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Reg Webb


Reg Webb with his Braille-labelled Chroma.


The new model will have an improved alpha-numeric display: But that wouldn't be of much use to you, would it?" I am not tempted to fill the role of one more blind keyboard player bemoaning his lot... and my white stick needs repainting and people will park their cars on the pavement and... In talking about my circumstances as a practising musician, and my reactions to those circumstances, I hope that anyone reading this will perhaps be able to define their own situation better, in terms of whether they agree or disagree with my opinions. This sort of evaluation is important, as shown clearly by my own example, which demonstrates that you can't advance your career if you don't know where you want to be.

I started playing acoustic piano — Oh! remember that? Lessons at school and a curiosity about almost any other form of music developed in parallel. There was no serious pressure towards buying an electronic keyboard instrument until I started with my first band back in the stone age. The reasons were the commonest: the full horror of the dance hall piano, if there was one; the need to make as big a sound as possible with the smallest number of people, known as greed: and a growing interest in what electronics could do when applied to the generation of sound.

I had a 'Road to Damascus' experience with the synthesiser when I heard the first use made of it by Keith Emerson. The impact was so great because, as a jazz player, I had always envied the ability of wind players in particular to be in such immediate control of timbre, vibrato, and especially pitch. I still count the access given to these characteristically vocal techniques as the most important advance gained by the application of the synthesiser as we have come to know it, to the keyboard. That is why, much to the chagrin of purists, I like listening to Herbie Hancock's vocoder playing, because it's an object lesson in applied vocal style. I enjoy searching for, and listening to, freaky noises (or perhaps in this august publication I should say "original sounds"), but it seems to me that control of the sound is ultimately more important than simply producing it. The most amazing noise probably has no longer life expectancy than a good joke.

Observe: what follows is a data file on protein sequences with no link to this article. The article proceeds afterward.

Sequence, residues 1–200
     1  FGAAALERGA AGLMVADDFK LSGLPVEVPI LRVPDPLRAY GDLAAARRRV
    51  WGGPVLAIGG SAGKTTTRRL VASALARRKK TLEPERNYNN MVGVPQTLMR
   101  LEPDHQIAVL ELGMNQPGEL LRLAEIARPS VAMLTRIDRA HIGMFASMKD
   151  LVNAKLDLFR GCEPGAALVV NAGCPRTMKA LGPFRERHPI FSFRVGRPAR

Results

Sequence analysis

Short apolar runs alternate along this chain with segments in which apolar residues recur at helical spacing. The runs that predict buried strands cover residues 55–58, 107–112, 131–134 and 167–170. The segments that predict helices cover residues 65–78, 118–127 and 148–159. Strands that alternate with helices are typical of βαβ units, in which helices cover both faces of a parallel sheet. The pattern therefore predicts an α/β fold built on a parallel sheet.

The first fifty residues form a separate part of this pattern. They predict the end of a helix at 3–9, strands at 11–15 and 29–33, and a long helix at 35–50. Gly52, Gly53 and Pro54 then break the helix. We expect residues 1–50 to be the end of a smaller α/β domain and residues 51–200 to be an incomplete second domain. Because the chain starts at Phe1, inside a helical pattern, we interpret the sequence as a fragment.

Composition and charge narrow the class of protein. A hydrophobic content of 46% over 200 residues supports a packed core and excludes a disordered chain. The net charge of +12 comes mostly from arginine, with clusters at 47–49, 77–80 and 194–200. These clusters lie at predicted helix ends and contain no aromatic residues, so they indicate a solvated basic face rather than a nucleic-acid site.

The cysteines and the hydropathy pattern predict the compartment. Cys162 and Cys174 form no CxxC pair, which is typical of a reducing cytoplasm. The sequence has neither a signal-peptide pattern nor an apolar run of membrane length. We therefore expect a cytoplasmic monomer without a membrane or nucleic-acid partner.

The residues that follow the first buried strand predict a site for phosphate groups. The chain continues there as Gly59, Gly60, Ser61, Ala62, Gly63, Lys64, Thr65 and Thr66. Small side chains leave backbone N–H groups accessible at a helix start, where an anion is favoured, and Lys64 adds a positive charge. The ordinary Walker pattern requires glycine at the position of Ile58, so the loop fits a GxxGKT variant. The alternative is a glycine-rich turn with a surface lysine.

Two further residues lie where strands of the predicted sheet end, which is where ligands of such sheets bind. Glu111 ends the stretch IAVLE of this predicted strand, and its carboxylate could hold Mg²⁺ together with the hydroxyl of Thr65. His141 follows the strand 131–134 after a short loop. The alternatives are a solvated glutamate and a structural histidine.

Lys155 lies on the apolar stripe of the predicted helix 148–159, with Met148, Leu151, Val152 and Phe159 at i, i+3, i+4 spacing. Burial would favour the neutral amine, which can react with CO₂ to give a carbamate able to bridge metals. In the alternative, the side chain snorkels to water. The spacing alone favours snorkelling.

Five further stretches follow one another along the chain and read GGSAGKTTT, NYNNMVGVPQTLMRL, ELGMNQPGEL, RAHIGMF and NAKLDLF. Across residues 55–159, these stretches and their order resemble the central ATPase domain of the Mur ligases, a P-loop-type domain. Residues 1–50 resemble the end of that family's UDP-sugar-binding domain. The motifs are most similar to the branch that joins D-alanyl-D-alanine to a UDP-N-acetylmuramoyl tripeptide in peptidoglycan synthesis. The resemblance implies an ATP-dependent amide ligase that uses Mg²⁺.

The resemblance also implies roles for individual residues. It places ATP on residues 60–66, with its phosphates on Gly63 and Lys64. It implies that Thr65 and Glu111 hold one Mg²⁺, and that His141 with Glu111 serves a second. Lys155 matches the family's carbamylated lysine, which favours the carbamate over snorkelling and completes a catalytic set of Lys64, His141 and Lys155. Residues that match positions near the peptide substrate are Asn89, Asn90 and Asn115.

In the real world, most of us have to decide what we are prepared to do in exchange for being able to go on making a living out of music. In terms of any aesthetic goals which one might set oneself, I think that I have laid quite an effective trap for myself; although I must say that I seem to have been quite happy to fall into it.

It seems impossible for me to distinguish between playing to earn a living, and playing for the sake of art, ego or fun. Either by continually altering the approach to how you play a piece, or by deriving satisfaction from making something, however banal, sound as authentic as possible, it becomes quite difficult to be swallowed up by boredom, which would stop me playing quite quickly. In calling this attitude a trap, I acknowledge the view which others may take that, in aiming whatever creative ability one may have at too broad a target, one effectively diffuses it. I have given very little serious thought to what I do best, because I enjoy playing a wide range of music, and I think I should resent any part of me trying to order the rest of me about concerning what I ought to be playing. Eclecticism is not currently fashionable, particularly in the music business. Direction is all. A lack of it makes the marketing men feel uneasy. One can sympathise with them to the extent that if all the 57 varieties in the supermarket refused to be tied down as to which variety they were, the buying public might have a problem. But I think there is far too much spoon-feeding going on.